“Brezhnev took Afghanistan. (a reference to the then-recent Soviet invasion)
Begin took Beirut. (referencing the Israeli Prime Minister’s actions in Lebanon)
Galtieri took the Union Jack. (referring to the Argentinian invasion of the islands)
And Maggie, over lunch one day, (that is, British P.M. Margaret Thatcher)
Took a cruiser with all hands. (referencing the Argentine ship General Belgrano)
Apparently, to make him give it back”

Very few people make their way down to these islands, so once I knew it was on my itinerary I made sure that I had downloaded it to my device, and gave it a listen as we neared port. From that point on, anytime I’ve heard this short yet meaningful song (rarely), my thoughts immediately head out to the South Atlantic in contemplation of an eventual return (unlikely).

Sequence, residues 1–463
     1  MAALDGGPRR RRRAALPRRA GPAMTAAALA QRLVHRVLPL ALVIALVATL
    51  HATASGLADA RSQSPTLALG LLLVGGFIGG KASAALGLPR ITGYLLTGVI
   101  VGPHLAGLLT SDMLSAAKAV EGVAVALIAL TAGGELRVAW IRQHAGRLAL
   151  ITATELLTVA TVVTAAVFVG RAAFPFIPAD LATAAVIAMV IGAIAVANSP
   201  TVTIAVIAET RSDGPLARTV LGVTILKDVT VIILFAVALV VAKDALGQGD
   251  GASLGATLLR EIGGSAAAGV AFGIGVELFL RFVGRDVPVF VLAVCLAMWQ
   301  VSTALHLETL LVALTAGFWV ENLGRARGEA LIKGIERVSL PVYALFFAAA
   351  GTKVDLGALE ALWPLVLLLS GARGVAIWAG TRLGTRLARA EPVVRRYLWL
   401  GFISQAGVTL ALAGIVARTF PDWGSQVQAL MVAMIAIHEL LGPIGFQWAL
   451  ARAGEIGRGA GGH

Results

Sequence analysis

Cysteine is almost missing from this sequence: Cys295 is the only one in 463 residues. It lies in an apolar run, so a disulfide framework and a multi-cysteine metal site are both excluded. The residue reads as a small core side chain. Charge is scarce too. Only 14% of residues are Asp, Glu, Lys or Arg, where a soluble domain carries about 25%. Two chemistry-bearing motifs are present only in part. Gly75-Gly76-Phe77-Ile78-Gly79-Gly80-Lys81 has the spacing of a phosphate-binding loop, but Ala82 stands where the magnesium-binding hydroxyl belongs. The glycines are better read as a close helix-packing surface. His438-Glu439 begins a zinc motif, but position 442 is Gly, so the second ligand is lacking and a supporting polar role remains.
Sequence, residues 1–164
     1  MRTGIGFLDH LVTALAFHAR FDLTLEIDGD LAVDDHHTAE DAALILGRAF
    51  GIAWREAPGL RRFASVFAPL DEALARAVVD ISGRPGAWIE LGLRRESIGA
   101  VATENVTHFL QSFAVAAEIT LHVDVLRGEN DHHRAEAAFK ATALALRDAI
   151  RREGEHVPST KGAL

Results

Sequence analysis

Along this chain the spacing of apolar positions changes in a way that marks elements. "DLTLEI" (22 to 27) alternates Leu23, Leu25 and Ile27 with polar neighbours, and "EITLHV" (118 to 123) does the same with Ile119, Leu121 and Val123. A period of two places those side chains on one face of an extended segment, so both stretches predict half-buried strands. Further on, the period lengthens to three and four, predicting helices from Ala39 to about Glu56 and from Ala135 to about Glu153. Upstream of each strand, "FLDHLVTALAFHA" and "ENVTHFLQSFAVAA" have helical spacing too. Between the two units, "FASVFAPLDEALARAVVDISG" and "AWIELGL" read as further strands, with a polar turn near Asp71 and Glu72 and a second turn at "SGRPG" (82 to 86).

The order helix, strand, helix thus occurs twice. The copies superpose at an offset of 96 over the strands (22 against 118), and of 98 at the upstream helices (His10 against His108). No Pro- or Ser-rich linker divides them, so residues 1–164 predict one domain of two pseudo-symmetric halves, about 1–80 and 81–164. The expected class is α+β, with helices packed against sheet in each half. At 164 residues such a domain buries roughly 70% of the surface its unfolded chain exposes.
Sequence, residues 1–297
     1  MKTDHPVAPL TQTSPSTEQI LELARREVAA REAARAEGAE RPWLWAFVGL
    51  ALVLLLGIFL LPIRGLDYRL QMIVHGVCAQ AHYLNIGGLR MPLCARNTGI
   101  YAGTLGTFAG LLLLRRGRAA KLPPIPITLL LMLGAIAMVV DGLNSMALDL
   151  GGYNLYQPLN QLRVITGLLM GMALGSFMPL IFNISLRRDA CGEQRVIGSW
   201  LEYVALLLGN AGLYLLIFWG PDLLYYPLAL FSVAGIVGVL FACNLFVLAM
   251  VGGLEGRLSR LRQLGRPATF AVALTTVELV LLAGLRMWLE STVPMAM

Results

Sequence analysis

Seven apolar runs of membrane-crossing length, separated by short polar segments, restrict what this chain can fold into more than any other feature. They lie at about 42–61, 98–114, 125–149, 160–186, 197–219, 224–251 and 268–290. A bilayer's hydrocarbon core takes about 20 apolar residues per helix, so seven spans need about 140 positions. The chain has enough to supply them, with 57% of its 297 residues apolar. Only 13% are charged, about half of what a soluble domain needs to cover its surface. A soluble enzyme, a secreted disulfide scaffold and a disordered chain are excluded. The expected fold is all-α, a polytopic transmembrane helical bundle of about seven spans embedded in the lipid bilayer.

Final Thoughts

These are just a few songs that I feel encapsulate either the travel experience or the essence of a specific destination. I am quite aware that there are still lots of places to see and even more music to hear, so if you have a song that takes you back to someplace you’ve traveled, be sure to leave a comment below. Who knows – I may even add it to my future playlist.

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Echoes of Pink Floyd in the Falkland Islands

The “sights” on the Falkland Islands

Of all the locales immortalized in song, one place in particular comes to mind as being just as obscure as the song that contains it. In Pink Floyd’s 1983 album The Final Cut, there’s a tiny track entitled Get Your Filthy Hands Off My Desert. It starts with the sound of wind echoing across a plain and a distant voice shouting the title to a pair of men whose questioning whispers are interrupted by a deafening mortar blast. This is followed by what sounds like a string quartet launching into a catchy little tune. After one refrain, bassist Roger Waters comes in with a single stanza of lyrics: